Tuesday, December 09, 2008

Not so silent majority

In the wake of any terrorist attack by the Muslim named criminals, the usual question always is - what are Muslims doing about it? If it is only a tiny fraction of Muslims who condone the extreme violence committed by organizations like Al-Qaeda, what is the rest of the people doing? When Islam's symbols are offended, we have seen the mayhem that had engulfed the Islamic world. Why isn't there a same outrage against terrorism? These are the questions raised by media pundits all the time - in particular, Gene Burns from KGO was discussing this in great detail last week. Any number of callers with Muslim names who called in didn't help him understand the diverse world of Islam. People in the west tend to see Islam as a monolithic block whose members believe and act in the exact same way all across the world. The belief also extends to the idea that most Muslims are sympathetic to the cause carried by the terrorists, if not the acts themselves. There is also a concept that Muslims as individuals are responsible for the acts of people who have Muslim names and they somehow should be able to stay alert and repudiate every act committed by the elements in Muslim societies.

That is a lot of stuff. At one level, I wouldn't burden any responsibility on the individual Muslims who believe in Islam or have Muslim names to repudiate anything that is going on the world. They have no more responsibility than a member of another community in condemning a particular act of violence. That said, we know the workings of the world, the society (thanks to the innate nature of brain), whether you like it or not, work based on experience. The patterns are formed from experience and patterns and stereotypes are powerful things. While we have to continue to work against false stereotyping, it is also important to change the experience itself to change the pattern. Repudiation of violence by the Muslim population is part of changing the experience.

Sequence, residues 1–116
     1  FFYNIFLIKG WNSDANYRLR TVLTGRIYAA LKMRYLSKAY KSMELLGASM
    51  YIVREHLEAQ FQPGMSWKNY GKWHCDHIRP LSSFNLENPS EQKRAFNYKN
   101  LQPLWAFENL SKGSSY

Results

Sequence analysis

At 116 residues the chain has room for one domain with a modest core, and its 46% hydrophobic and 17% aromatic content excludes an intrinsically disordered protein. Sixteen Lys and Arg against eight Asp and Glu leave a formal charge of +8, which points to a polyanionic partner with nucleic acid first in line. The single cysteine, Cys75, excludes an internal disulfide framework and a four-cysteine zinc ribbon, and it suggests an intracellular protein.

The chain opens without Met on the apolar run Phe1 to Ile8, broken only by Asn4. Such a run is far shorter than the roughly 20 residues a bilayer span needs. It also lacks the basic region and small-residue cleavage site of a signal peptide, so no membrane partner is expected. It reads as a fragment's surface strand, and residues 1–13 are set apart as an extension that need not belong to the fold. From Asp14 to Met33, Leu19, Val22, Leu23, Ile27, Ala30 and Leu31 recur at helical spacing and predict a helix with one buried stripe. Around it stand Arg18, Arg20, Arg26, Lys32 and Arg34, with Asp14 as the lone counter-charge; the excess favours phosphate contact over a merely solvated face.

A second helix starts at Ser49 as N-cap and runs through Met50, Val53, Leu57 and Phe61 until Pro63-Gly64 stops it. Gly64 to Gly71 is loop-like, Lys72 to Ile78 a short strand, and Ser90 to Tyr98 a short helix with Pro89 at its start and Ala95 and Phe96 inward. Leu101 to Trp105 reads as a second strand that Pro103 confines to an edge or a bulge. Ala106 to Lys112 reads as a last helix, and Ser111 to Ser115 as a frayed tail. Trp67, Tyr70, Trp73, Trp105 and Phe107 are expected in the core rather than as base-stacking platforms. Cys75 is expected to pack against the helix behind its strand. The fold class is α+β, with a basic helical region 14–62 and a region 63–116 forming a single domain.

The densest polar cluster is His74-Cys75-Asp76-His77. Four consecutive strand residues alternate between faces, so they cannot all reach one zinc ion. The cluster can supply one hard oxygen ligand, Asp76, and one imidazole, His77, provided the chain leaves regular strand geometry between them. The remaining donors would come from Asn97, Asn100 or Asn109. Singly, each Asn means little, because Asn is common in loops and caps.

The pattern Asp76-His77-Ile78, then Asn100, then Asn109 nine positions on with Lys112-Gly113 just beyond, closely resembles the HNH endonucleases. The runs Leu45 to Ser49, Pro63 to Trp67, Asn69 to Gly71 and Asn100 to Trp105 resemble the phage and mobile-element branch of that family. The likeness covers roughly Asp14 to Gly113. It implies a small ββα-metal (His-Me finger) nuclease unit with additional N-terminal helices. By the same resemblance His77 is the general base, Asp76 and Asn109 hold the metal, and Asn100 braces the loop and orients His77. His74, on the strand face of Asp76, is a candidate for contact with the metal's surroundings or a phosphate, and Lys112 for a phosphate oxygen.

One could also take the view - what if I don't care about the perception that Muslims are terrorist sympathizers? It isn't me who committed those acts and there is nothing I need to be sorry about. While this is logically accurate, your inaction could lead to violence against you or other people of your faith. This backlash, while there is no justification for it, is still something that can be avoided by voicing the contempt you are holding in your mind. But as a matter of fact, we have seen an incredible amount of repudiation from the Islamic world on the violence in Mumbai. Muslims across the world From Cairo to Malaysia, Pakistan and India, expressed the utter condemnation on the violence in Mumbai.

Looks like, Gene Burns does not read anything beyond what the American media regurgitates. It is in that light, I am heartened by the report on Washington Post. Here it is Gene, it gives you an idea of how Muslims reacted in India and here is it from NYTimes too. It is nothing new, but the very fact that it is reported in a major U.S newspapers would be an eye-opener for people like Gene Burns.


The Gori Wife said...

I think there's also a big hinderance in media bias. My mosque is really gung ho about intercultural projects - our Friday religious services are even held in a jewish synagogue. But does the media cover this? No. So they show up at our talks and seminars about tolerance and the scourge of terrorism? No. They did, however, show up during the cartoons fiasco. Some might say because this fits with the image that the conservative media wants to portray of Islam - crazy, unforgiving, easily swept up into fervish. This helps perpetuate what I see as the inaccuracy - in my community, at least - that Muslims do not speak out against terrorism. So many of us are.

Najeeb said...

I agree, the cartoon fiasco was an anomaly but it is always the one that gets drawn as an example of muslim protest. the amount of time and energy and money many muslim organizations pumping into fostering intercultural dialogs is amazing, but as you rightly pointed out that doesn't fit the general image of crazies running around beheading infidels.